William Inge’s Posthumous Comeback

A newly discovered work by the Pulitzer Prize-winning playwright premiers in Williamstown

Mary Wiseman, left, and Kyra Sedgwick. (Photo: T. Charles Erickson)

Mary Wiseman, left, and Kyra Sedgwick. (Photo: T. Charles Erickson)

The official summer calendar is suddenly exploding with the first-ever full-length production of Off the Main Road, a lost play by the legendary playwright William Inge that has just opened the 61st season of the Williamstown Theatre Festival. Starring Kyra Sedgwick and Estelle Parsons, and directed by Evan Cabnet, this polished production arrives with the excitement and promise of a historic event. As a recently discovered addendum to the legacy of the Pulitzer Prize-winning author of Picnic, Come Back Little Sheba and Bus Stop, as well as the Oscar-winning screenplay for Elia Kazan’s great 1961 film Splendor in the Grass, the anticipation for this hot-ticket production is understandable. It is my doleful duty to report that Off the Main Road is a flawed and clumsy play, not the triumph I hoped for. Still, it very much deserves to be seen and heard, and is worth a trip to the lush green Berkshires to do so.

Playwright William Inge photographed by Jill Krementz at his home in the Hollywood Hills on April 27, 1971.

Playwright William Inge photographed by Jill Krementz at his home in the Hollywood Hills on April 27, 1971.

Written almost a decade before he committed suicide in 1973, this is not Inge’s final play, but it was part of the beginning of a downward turn in his canonized career that left him a literary cripple. Like Tennessee Williams, critics have shamefully given him a bad rap recently that is undeserved, but it is true that his final plays (Natural Affection, Where’s Daddy?) did not meet the impeccable artistry of his early work. Off the Main Road shows the same regard for troubled women in a changing society that marked his skillful, better written successes, but its melodramatic excesses and uneven rhythms make me doubt if this perfectionist among playwrights ever intended it to be resurrected and produced without fine-tuning. It smacks of soap opera histrionics, superficially developed characters, blunted, long-winded speeches—and seems polished off in shorthand. Kyra Sedgwick is wonderful to watch even when she is less than equally wonderful to hear (a problem with several other members of the miscast company).

The time: 1966. The setting: a remote cottage in a wooded area on a lake 30 miles from St. Louis where Faye (Ms. Sedgwick), an elegant, shapely former debutante with a black eye arrives, hoping to hide out from her abusive husband Manny, a former professional baseball player with the Cardinals who was once a hero and sex magnet for Faye but now, forgotten and idle, battles an anger management problem that is wrecking his marriage. Faye is joined by Julia, her daughter from a first marriage, who attends a convent school. Julia (an excellent Mary Wiseman) is a lonely, awkward virgin who is terrified of boys and has problems of her own to resolve. The third woman who drops in to stir the fudge is Faye’s strident, overbearing and domineering loudmouth mother who disapproves of everyone and everything, played by the indomitable Estelle Parsons, who seems to be the only one onstage having any fun.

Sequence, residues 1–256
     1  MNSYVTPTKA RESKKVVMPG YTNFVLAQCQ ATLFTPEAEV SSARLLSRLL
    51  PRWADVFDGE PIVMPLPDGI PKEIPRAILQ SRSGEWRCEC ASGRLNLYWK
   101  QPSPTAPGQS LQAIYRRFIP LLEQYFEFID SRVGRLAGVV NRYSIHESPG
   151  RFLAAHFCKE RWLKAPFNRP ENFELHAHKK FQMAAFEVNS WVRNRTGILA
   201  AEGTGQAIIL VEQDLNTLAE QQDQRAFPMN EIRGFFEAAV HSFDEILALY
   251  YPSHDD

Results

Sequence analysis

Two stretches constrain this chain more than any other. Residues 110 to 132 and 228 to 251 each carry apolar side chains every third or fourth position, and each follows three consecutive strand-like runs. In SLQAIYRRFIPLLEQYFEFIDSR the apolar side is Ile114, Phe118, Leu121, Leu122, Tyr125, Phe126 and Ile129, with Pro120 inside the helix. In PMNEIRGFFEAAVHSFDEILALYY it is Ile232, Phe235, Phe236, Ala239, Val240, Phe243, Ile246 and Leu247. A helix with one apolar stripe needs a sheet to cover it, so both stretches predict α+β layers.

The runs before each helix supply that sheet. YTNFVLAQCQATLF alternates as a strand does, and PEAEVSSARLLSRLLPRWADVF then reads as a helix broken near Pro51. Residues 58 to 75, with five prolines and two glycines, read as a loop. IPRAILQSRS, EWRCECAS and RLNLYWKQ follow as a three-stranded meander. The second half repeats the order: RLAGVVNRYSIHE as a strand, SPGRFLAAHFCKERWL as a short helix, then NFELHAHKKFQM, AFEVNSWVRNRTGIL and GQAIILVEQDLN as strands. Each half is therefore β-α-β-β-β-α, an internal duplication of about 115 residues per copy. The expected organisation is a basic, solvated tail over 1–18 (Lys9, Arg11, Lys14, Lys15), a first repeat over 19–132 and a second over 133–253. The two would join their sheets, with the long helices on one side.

The incessant talk has flashes of wit, but the play fails to move deeply enough into character development or fast enough for dramatic impact. The whole thing begins to fall apart at the end of Act One, when a sexually aggressive cab driver named Gino kicks the door open and ravages Faye with animal lust, and she actually seems to love being manhandled. Faye is lonely, but the severe reversal of character defies credulity.

Implausibility accelerates in Act Two, when husband Manny murders Gino, daughter Julia loses her virginity to the housekeeper’s son (Daniel Sharman, in one of the evening’s most charismatic turns) and breaks his heart to become a nun, and Faye slows down the action with a lengthy, superficial conversation on the floor with a peripheral character—the clichéd gay best friend, played by Howard Overshown, an actor who speaks in a whisper so soft not even a dog can hear him. Faye eventually packs up to go back to her violent husband because she doesn’t know what else to do, telling her mother, “I won’t ask you to understand.” Ms. Parsons has the last word when she throws up her hands and announces to the entire audience: “It’s beyond me!”

It’s painful to see the restless audience in a William Inge play agree, with such unintentional laughter. Still, the seasoned Estelle Parsons, who has experience as a director as well as a great actress, adds both ballast and balance to the uneven proceedings by speaking clearly and precisely without a single wasted moment. Meanwhile, as everyone talks about how sexy Manny is to change Faye’s life so dramatically, the role is played by the hopelessly miscast Jeremy Davidson, an actor so ungainly that the character can’t be taken seriously. Mary Wiseman is neatly controlled as a girl changed by the intensity of her first sexual affair. With her satiny blonde ’60s wig, fine features and lithe figure, Kyra Sedgwick holds attention in the center stage spotlight, despite a role best described as an emotional seesaw. She is beautiful, graceful, charming and lost—like Off the Main Road itself. William Inge’s Posthumous Comeback